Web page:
As explained in the popular, 2013 book on pensions, ‘The Third Rail’, the number of workplaces (public and private) with pension plans in Canada declined from 46 per cent to 39 per cent between 1977 and 2010. Only 33 per cent of employees have defined benefits plans. Seventy five per cent of private sector workplaces have no pension plan. Among those that do, only 12 per cent of recipients have defined benefits.
The Canada Pension Plan pays a maximum of $12,150 annually. Benefits are determined by how much recipients pay in lifetime, workplace premiums. Premiums are 9.9 per cent of income to a maximum of $2,356.20 per year, matched by the employer.
There are two retirement benefit programs available to seniors. These are income tested and dependent on length of residency in Canada. Old Age Security pays a maximum of $551 per month, and the Guaranteed Income Supplement pays a maximum of $748 monthly for very low income seniors.
Full CPP and OAS benefits are 40 per cent of an average wage-earning employees’ salary in Canada ($52,000 annually). Many pensioners receive less than full benefits.
The Harper government made two significant cuts to the Canada Pension Plan in 2012. It increased the age of retirement to age 67, effective in the year 2023, and it increased the penalty for those taking early retirement (available as of the age of 60). The penalty will rise to .6 per cent per month by 2016 for each month prior to age 65 (or 67 after 2023).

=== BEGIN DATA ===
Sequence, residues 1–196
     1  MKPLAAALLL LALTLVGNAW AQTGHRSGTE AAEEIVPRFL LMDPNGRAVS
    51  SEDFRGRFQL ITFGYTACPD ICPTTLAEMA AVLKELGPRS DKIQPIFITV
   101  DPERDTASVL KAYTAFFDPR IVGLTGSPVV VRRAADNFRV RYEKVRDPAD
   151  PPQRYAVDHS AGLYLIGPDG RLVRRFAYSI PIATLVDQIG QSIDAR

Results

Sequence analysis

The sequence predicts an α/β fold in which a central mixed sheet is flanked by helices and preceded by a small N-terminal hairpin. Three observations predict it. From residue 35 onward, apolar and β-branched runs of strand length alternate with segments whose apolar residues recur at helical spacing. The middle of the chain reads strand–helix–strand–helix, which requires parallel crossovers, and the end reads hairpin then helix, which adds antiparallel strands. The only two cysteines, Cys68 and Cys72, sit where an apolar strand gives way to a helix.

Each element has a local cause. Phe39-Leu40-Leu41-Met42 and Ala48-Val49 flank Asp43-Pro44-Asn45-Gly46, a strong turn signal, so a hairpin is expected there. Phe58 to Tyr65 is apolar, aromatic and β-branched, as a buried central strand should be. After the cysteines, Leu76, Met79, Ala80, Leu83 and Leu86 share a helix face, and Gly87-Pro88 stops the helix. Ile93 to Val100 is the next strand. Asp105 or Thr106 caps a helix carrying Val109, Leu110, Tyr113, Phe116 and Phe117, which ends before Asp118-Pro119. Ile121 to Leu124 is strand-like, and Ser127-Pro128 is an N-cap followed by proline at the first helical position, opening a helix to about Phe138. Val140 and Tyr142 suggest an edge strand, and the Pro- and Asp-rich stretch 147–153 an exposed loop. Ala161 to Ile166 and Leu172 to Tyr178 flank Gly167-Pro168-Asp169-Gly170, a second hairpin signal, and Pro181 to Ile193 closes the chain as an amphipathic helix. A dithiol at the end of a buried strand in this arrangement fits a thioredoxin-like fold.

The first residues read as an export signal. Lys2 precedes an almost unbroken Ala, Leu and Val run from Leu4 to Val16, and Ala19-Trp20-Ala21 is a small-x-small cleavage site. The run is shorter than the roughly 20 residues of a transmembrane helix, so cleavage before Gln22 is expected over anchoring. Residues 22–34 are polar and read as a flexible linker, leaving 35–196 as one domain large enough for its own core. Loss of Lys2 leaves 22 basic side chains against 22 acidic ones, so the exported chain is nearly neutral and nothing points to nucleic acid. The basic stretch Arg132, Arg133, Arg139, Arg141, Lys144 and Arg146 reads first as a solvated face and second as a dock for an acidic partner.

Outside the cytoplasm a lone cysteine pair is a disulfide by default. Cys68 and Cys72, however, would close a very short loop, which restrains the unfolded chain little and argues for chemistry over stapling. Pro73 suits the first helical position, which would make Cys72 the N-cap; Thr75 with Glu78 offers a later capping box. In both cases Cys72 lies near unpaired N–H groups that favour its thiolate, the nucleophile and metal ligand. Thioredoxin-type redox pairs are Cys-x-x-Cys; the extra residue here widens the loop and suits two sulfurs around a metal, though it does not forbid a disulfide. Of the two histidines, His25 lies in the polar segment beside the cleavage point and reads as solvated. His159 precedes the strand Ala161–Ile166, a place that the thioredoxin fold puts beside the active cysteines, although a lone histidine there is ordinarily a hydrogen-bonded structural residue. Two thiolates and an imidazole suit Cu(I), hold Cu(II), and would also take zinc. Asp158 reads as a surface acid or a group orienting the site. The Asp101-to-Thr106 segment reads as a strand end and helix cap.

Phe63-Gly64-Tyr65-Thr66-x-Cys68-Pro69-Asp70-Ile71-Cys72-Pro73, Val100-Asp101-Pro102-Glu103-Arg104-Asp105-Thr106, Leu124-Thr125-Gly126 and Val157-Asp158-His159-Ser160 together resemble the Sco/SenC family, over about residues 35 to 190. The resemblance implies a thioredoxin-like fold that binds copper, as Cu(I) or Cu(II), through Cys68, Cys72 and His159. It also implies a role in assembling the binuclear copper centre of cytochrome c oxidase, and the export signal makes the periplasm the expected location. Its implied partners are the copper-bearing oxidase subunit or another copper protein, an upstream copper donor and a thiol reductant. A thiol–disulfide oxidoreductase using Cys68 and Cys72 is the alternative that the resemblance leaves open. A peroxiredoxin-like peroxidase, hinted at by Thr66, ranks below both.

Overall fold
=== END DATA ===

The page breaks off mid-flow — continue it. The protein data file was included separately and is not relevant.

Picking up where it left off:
Surprisingly, the pension cuts in 2012 passed with barely a whimper of organized protest.
For years, trade unions and seniors organizations have demanded pension improvements. Last year, the NDP launched a public petition campaign calling on the government to introduce CPP increases. But we have not seen anything resembling the ‘grey power’ movement of 1985 that organized mass protests which forced then-Progressive Conservative Prime Minister Brian Mulroney to back away reducing inflation protection of the CPP and hinting at ending its universality.
In 2009 and 2010, momentum was building in the unions and among seniors’ groups to stage large, public protests in favour of CPP improvements. The Harper government of the day headed that off with vague promises to make improvements. In late 2010, the government ditched its promise and instead announced its dead-in-the-water ‘prpp’ plan.
Earlier changes to the CPP were made in the mid-1990s by the Liberal government of the day. As part of the massive cuts to social spending by the Liberals, then Finance Minister Paul Martin boosted CPP premiums from 5.6 per cent of salary to the current 9.9 per cent. He also gave the ok to begin investing a significant portion of the accumulated plan’s funds in the stock market.